2013 Tax Code Changes

There are a Number of Tax Code Changes Going Into Effect in 2013. These Changes are Created by the Taxpayer Relief Act of 2012. This Law Affects Affluent High Income Earners as Well as Individuals and Families in Lower Tax Brackets. The Reset of Social Security Taxes Due to the Expiration of the Payroll Tax Cut Affects all Employees and Those Who are Self Employed.

There is Also Now an Incentive for People in the 25% and 15% Tax Brackets to Invest as the Tax Rate for Capital Gains and Qualified Dividends Falling into These Tax Brackets is 0.

Planning for These Changes is Essential So You are Not Surprised During Tax Filing Season.

Keep in Mind The Investment Advisor Does Not Provide Tax Advice or Make Tax Recommendations. The Information Below is Presented for Informational Purposes Only and Does Not Constitute Tax Advice, Tax Recommendations or Investment Advice.

The Investment Advisor Does Stand Ready to Work with You, Your Accountant and/or CPA, Attorney and other Advisors to Help Provide You with the Investment Management, Advice, Securities Recommendations and Types of Accounts of Accounts You May Need to Implement a Comprehensive, Integrated Investment Portfolio in Line with the Recommendations of Your Accountant, CPA and Attorney.

Intuit Spells Out Many of The Tax Changes Which Include but are Not Limited to:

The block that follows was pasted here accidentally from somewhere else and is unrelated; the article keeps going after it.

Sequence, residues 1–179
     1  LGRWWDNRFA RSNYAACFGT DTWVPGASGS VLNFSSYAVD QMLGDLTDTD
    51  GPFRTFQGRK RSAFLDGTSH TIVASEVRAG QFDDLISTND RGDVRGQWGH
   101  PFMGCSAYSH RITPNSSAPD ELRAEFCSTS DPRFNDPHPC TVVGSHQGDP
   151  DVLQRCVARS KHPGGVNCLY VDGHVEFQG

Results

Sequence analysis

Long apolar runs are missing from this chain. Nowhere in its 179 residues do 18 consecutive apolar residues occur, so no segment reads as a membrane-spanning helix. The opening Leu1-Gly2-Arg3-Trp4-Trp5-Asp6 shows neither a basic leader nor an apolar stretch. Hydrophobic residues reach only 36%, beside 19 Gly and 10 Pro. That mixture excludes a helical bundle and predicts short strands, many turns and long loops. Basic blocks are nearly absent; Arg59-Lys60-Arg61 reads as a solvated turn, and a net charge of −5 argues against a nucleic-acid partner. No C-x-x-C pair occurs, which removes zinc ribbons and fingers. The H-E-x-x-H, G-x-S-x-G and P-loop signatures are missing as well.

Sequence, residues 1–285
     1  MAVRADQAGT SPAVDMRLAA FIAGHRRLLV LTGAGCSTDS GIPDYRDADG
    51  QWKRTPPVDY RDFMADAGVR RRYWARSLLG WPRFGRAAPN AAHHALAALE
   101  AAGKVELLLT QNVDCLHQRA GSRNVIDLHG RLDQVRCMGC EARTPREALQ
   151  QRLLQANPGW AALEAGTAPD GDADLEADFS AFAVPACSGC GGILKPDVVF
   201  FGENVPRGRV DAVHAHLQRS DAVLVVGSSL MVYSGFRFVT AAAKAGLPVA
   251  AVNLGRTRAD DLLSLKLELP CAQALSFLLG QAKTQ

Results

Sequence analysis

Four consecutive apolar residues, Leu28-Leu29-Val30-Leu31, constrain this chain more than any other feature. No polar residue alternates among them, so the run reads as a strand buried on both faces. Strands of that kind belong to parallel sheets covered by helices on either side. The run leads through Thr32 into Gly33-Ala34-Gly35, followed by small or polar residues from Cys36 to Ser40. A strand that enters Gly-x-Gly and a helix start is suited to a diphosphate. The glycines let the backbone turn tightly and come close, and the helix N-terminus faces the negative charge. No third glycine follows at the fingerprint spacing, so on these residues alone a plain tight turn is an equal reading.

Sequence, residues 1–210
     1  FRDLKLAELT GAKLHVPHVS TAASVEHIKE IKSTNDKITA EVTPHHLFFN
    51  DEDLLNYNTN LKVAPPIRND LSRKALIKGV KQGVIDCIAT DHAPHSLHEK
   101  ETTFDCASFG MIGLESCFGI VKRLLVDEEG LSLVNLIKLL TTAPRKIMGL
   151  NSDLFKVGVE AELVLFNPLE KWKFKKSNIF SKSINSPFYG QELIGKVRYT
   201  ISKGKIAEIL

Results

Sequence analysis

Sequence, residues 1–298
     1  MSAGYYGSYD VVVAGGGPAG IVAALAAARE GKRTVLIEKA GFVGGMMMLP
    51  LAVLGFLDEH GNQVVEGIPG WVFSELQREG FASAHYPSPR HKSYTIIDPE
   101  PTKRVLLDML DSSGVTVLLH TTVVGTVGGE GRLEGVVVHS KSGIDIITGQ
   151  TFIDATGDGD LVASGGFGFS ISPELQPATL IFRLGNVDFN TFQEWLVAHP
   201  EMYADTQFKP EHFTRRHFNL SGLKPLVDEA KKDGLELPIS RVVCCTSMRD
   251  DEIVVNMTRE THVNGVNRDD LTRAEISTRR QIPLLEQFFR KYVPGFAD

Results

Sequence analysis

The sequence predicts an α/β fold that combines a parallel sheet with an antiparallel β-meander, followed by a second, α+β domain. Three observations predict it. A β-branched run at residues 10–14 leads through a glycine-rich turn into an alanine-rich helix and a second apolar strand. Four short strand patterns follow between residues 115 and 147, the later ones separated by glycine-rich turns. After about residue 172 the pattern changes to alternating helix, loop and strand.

1.  A Top Tax Bracket of 39.6% for Earnings Above $400,000 for Individuals and $450,000 for Married Couples Filing Jointly

2.  A 3.8% Medicare Tax on Investment Income Affecting Those individuals With Incomes over $200,000 and Married Couples Earning over $250,000.

3.  A 20% Tax Rate on Long Term Capital Gains and Qualified Dividends.

4.  “The Law Permanently Extends a 0% Tax rate on Capital Gains and Qualified dividends for Taxpayers Below the 25% Bracket, as Well as the 15% Rate for Other taxpayers. However, the Law Adds a 20% Rate for Gains falling in the New 39.6% bracket.

5.   A .9% Medicare Tax On Wages and Earnings Resulting From Employment or Self Employment on Incomes over $200,000 for Single Individuals and $250,000 if Married Filing Jointly.

6.  An Increase in the Taxable Wage Base Upon Which Social Security Taxes are Calculated to $113,700.

7.  Compensation subject to the Medicare portion of FICA is Unlimited.

8.  A “Sunset” of the Bush-Era Tax Cuts. The Law Makes Permanent the 10%, 15%, 25%, 28% 33% and 35% tax brackets.

9.  “The Law Permanently Extends the 0% Tax Rate on Capital Gains and Qualified Dividends for Taxpayers Below the 25% bracket, as well as the 15% Rate. However, the Law Adds a 20% Rate for Gains Falling in the New 39.6% bracket.”

10.  “For 2013, Personal Exemptions Will be Reduced by 2% for Each $2,500 (or portion thereof) of AGI above $300,000 for Joint Filers and Surviving spouses, $275,000 for heads of households, $250,000 for singles, and $150,000 for marrieds filing separately. The Total Amount of Itemized Deductions Will be Reduced by 3% of the Amount by which Adjusted Gross Income Exceeds the Same Threshold Amounts.”

11.  “For 2013, the Alternative Minimum Tax (AMT) Exemptions are $51,900 for singles, $80,800 for Joint Filers, and $40,400 for Marrieds Filing Separately. The Law Permanently Extends the Provision Allowing Nonrefundable Personal Credits to Offset the AMT.”